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Julian Aubourg
Addy Osmani
Andree Hansson

jQuery Deferreds

Deferreds were added as a part of a large rewrite of the ajax module, led by Julian Auborg following the CommonJS Promises/A design. Whilst 1.5 and above include deferred capabilities, former versions of jQuery had jQuery.ajax() accept callbacks that would be invoked upon completion or error of the request, but suffered from heavy coupling - the same principle that would drive developers using other languages or toolkits to opt for deferred execution.

In practice what jQuery's version provides you with are several enhancements to the way callbacks are managed, giving you significantly more flexible ways to provide callbacks that can be invoked whether the original callback dispatch has already fired or not. It is also worth noting that jQuery's Deferred object supports having multiple callbacks bound to the outcome of particular tasks (and not just one) where the task itself can either be synchronous or asynchronous.

At the heart of jQuery's implementation is jQuery.Deferred - a chainable constructor which is able to create new deferred objects that can check for the existence of a promise to establish whether the object can be observed. It can also invoke callback queues and pass on the success of synchronous and asynchronous functions. It's quite essential to note that the default state of any Deferred object is unresolved. Callbacks which may be added to it through .then() or .fail() are queued up and get executed later on in the process.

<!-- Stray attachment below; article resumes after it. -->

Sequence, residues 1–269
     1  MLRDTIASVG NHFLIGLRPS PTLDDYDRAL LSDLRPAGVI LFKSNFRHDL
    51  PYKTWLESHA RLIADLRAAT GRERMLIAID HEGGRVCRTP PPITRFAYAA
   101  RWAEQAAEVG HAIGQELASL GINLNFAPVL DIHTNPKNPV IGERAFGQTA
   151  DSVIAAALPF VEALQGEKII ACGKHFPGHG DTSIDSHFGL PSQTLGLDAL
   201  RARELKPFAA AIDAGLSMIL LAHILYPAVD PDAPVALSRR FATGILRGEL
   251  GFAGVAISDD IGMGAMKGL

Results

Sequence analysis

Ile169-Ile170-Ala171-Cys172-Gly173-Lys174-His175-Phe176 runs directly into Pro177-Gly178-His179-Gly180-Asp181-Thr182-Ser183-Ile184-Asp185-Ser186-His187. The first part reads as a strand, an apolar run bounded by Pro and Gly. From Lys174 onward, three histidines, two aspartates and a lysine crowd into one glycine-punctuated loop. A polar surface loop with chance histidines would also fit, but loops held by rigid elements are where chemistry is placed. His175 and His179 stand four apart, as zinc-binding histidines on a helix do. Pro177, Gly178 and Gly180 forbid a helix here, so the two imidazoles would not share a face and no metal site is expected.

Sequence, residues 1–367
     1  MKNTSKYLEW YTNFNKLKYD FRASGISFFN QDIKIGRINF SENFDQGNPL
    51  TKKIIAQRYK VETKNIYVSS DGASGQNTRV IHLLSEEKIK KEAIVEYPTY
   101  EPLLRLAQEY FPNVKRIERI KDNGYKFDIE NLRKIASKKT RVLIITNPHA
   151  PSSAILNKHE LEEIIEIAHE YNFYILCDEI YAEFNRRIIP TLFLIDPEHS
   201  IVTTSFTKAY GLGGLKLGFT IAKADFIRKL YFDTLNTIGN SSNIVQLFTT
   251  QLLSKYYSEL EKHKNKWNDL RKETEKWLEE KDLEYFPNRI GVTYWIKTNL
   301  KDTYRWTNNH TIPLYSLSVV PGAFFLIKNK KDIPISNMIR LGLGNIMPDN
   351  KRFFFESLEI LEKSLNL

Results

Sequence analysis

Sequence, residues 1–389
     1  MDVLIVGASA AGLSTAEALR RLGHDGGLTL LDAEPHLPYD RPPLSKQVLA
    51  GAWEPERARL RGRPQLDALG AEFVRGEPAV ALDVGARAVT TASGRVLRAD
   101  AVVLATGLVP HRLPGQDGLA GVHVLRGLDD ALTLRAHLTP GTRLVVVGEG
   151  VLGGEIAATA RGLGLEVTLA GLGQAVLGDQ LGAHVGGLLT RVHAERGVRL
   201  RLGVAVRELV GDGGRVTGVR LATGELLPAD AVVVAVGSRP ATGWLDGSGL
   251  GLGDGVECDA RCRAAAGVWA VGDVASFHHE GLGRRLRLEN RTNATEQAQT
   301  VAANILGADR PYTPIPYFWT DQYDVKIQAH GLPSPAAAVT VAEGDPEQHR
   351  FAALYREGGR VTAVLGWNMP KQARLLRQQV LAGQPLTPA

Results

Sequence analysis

You are able to use Deferred objects in conjunction with the promise concept of when(), implemented in jQuery as $.when() to wait for all of the Deferred object's requests to complete executing (ie. for all of the promises to be fulfilled). In technical terms, $.when() is effectively a way to execute callbacks based on any number of promises that represent asynchronous events.

An example of $.when() accepting multiple arguments can be seen below in conjunction with .then():

function successFunc(){
    console.log( "success!" );

function failureFunc(){
    console.log( "failure!" );

    $.ajax( "/main.php" ),
    $.ajax( "/modules.php" ),
    $.ajax( "/lists.php" )
).then( successFunc, failureFunc );

The $.when() implementation offered in jQuery is quite interesting as it not only interprets deferred objects, but when passed arguments that are not deferreds, it treats these as if they were resolved deferreds and executes any callbacks (doneCallbacks) right away. It is also worth noting that jQuery's deferred implementation, in addition to exposing deferred.then(), a jQuery promise also supports the deferred.done() and methods which can also be used to add callbacks to the deferred's queues.

We will now take a look at a code example that utilizes many of the deferred features mentioned in the table presented earlier. Here is a very basic application that consumes (1) an external news feed and (2) a reactions feed for pulling in the latest comments via $.get() (which will return a promise). The application also has a function (prepareInterface()) which returns a promise to complete animating our containers for both the news and reactions.

function getLatestNews() {
    return $.get( "latestNews.php", function(data){
        console.log( "news data received" );
        $( ".news" ).html(data);
     } );   

function getLatestReactions() {
    return $.get( "latestReactions.php", function(data){
        console.log( "reactions data received" );
        $( ".reactions" ).html(data);
  } );

function prepareInterface() {
    return $.Deferred(function( dfd ) {
        var latest = $( ".news, .reactions" );
            latest.slideDown( 500, dfd.resolve );
            latest.addClass( "active" );

    console.log( "fire after requests succeed" );
    console.log( "something went wrong!" );
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